Seg 1 Monty Hall problem. The Monty Hall Problem poses a counter-instinctive dilemma of picking a choice with a higher probability of winning. It has been calculated that switching from a player's initial choice to the last option possible, after eliminating all empty choices, instead of sticking with the initial choice gives a bigger chance of winning. Seg 2 The Birthday Problem. The Birthday Problem presents a situation that addresses brains' unintuitive response to exponents. We try to figure out why it's possible for only 23 people to have a 50% chance of sharing a birthday when there are 365 unique birthdays. The dilemma usually comes in when we gloss over the fact that even small groups can form several pairings, and we actually compute the probability of sharing a birthday by subtracting the chances of not sharing a birthday by multiplying individual probabilities with each other. The answers can be quite surprising when the math to be done is not instinctive for people. Seg 3 Gambler's ruin. Gambler's Ruin closes in on how a gambler with the smaller amount will always be the loser in the long run in a game of 50-50 chance with an indefinite number of rounds playing. Gambler's Ruin also debunks the "luck" factor by emphasizing that each round played has its separate probability from previous rounds, thus maintaining chances of winning at 50%. Seg 4 The Infinite Hotel Paradox. The Infinite Hotel Paradox shows how infinity, for all its vastness, cannot be fully grasped, especially when it goes beyond the confines of the countable infinity. The paradoxical part comes in when the union of two sets with infinite elements will still be infinity; adding, subtracting, multiplying, or dividing infinity with infinity is still infinity. Seg 5 The Locker Riddle. The Locker Riddle stimulates how good and fast a person is at factorization. In the problem, the key is identifying which numbers from 1-100 are perfect squares, but the solution lies in the number of factors those particular numbers have. Perfect squares have odd numbered factors because one factor will be multiplied by itself and it only counts as one in the riddle's context, leaving those locker numbers open in an alternating open-close pattern.

  • 15:00

    A Dog's Life (A Dog's Life)

    A Dog's Life (A Dog's Life)

    A Dog's Life explores the widely assumed facts that may actually be based on faulty and out-dated research. Ingenious experiments and meticulous observation reveal that the problems dogs solve best are those that involve interacting with humans. A fascinating and fun documentary that gives us 'a dog's eye view' on the world.

  • 15:45

    Nature's Force (Nature's Force)

    Nature's Force (Nature's Force)

    Nature's Force

    Journey inside Dust Storms to see how they are formed and the hazards and effects they cause. A glimpse into the science of Clouds and how they fit into the weather cycle of the planet.\nThe power of Lightening is more than visual, it is noise, electricity and it even helps plants to grow. Did you know that Rain droplets have different shapes and temperatures, it's maybe more interesting than you think?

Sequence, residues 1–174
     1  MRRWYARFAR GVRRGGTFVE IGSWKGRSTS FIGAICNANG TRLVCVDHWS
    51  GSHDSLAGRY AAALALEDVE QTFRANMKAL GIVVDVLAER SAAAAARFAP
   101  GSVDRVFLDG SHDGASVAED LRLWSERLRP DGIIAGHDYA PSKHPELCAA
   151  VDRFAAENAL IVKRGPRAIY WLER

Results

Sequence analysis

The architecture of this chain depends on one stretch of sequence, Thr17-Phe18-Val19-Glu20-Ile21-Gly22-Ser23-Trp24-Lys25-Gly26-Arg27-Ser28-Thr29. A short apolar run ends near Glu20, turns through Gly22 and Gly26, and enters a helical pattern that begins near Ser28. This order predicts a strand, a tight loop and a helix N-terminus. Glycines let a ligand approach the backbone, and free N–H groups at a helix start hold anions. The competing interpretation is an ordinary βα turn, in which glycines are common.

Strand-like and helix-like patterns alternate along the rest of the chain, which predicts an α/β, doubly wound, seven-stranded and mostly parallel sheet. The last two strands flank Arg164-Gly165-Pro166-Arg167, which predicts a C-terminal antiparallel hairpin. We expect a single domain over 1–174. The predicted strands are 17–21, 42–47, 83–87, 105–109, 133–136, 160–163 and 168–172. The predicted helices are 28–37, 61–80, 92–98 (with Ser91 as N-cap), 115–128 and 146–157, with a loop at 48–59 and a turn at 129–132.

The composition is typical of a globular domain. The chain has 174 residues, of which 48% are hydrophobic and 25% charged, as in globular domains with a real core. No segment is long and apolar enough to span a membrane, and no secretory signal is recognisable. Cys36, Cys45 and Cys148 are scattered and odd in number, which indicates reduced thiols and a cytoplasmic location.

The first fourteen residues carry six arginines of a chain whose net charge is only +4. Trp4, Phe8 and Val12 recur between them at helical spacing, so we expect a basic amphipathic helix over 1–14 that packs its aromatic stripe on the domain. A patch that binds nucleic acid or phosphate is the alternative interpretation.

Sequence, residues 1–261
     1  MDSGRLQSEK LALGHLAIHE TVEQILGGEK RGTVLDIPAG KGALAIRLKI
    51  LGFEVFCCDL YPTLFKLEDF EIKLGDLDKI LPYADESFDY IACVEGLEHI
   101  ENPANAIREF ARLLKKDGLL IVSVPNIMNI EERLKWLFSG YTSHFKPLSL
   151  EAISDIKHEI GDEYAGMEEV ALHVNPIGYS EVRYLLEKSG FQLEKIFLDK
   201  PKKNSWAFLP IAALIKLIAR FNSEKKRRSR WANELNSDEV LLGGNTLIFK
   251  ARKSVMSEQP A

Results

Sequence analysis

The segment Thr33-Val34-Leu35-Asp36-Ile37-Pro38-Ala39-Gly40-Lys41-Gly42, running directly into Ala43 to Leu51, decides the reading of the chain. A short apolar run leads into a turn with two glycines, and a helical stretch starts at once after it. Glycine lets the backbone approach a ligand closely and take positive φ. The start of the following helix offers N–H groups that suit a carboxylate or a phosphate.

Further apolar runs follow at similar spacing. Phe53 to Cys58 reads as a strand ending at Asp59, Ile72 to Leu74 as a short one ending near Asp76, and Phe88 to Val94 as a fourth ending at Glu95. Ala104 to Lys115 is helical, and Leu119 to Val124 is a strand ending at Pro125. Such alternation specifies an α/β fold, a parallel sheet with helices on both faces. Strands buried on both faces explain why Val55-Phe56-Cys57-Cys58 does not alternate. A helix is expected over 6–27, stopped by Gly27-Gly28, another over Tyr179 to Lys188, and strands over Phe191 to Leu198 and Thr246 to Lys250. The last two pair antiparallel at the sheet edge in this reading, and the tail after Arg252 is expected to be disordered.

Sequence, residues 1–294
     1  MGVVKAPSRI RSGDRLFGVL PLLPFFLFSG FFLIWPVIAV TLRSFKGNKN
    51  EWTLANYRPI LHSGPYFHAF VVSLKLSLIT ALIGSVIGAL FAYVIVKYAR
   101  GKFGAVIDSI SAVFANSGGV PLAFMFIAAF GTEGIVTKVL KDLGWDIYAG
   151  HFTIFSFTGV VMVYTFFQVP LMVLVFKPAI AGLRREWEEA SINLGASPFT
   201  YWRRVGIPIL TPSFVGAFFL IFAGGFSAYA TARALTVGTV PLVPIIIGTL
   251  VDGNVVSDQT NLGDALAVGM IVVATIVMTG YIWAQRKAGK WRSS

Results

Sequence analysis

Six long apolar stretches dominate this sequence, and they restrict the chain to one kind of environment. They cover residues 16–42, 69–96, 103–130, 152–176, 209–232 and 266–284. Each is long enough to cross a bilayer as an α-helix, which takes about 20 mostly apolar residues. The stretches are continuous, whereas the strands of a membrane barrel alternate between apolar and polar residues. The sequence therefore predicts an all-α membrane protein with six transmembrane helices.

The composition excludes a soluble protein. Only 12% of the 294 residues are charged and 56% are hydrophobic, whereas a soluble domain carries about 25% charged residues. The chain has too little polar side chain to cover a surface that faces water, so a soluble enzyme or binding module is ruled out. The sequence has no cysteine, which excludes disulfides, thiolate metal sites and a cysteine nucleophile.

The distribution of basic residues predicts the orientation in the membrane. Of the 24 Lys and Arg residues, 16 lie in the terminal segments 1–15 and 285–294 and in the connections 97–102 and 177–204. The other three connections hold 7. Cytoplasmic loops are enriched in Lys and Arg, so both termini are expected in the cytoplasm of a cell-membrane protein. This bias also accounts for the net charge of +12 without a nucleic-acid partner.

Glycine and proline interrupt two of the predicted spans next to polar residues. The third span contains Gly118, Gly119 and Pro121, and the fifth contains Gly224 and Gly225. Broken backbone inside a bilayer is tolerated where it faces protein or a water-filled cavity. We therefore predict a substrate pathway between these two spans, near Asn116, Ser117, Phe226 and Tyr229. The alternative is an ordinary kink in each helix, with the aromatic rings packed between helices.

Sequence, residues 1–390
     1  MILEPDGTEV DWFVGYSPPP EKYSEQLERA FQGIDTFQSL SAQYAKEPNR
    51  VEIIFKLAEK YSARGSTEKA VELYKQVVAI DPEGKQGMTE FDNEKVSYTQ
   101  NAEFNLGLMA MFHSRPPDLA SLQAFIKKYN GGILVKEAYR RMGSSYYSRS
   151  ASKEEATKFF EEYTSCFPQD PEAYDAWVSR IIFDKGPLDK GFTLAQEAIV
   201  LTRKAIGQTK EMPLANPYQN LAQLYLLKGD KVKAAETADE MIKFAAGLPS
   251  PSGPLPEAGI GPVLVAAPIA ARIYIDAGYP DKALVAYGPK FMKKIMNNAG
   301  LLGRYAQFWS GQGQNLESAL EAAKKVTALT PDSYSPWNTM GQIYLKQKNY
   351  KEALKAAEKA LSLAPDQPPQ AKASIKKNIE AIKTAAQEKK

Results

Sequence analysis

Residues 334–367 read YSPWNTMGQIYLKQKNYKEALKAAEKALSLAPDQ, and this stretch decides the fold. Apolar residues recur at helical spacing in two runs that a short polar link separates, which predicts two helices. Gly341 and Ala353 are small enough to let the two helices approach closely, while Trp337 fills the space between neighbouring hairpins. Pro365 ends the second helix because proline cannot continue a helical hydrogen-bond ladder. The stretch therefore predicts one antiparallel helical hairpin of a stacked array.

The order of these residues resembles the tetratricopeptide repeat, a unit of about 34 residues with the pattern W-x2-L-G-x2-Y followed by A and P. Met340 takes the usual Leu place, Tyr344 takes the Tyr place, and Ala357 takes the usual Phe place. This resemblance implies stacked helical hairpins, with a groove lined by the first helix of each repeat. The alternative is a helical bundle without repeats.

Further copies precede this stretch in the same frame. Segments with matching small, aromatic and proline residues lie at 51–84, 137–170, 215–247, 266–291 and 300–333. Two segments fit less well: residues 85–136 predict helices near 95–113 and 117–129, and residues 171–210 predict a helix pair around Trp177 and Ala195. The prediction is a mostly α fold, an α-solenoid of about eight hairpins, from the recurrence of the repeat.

• 16:15

    Nature's Force (Nature's Force)

    Nature's Force (Nature's Force)

    Nature's Force

    Heatwaves have caused cities to literally meltdown and systems to fail, how are we working with nature's heat? When two Cyclones collide, we get the Fujiwhara Effect, how is this possible and how does it manifest? Floods occur around the world and the world is learning how to cope, combat and prevent damage and share lessons. How do you classify a Blizzard, and let's look at some of the worst blizzards that have occurred on earth. Do you really know how to measure Rainfall and how to identify violent rain from a shower or appreciate when we have had enough or too much?

  • 16:45

    The Science Of Magic (The Science Of Magic)

    The Science Of Magic (The Science Of Magic)

    Our film follows researchers who are bringing magicians' tricks into the laboratory. With impossible magic, amazing facts, and opportunities for viewers to participate in the magic tricks, this extraordinary exploration peeks behind the curtain into a fascinating world where ancient magic meets modern science. Magician Julie Eng not only mystifies us with magic, she also takes us to Montreal's McGill University to meet Jay Olson who is using card tricks to study consciousness. His research also includes an MRI machine that can apparently not only read minds, but also manipulate thoughts. In the US we meet with professor Anthony Barnhart. He's a magician turned scientist who is using magic principles to investigate why we sometimes don't see what's right under our noses. We also meet Professor Amory Danek who is using the conjuror's craft to study creativity and problem solving.Professor Ronald Rensink at the University of British Columbia discovered how small distractions can blind drivers to obvious dangers. These studies naturally led him to work with magicians to explore possible new experiments.In London England Gustav Kuhn conducts a study that tracks the eye movements of the magician's audience. We see tricks that fool us despite nothing actually happening, as well as demonstrations that reveal we can be blind even to our own choices. Colourful and compelling, our film takes a critical and engaging look at the fascinating facts revealed when you see the human mind through the eyes of a magician.

  • 17:35

    The Monkey Whisperer And His Dream (The Monkey Whisperer And His Dream)

    The Monkey Whisperer And His Dream (The Monkey Whisperer And His Dream)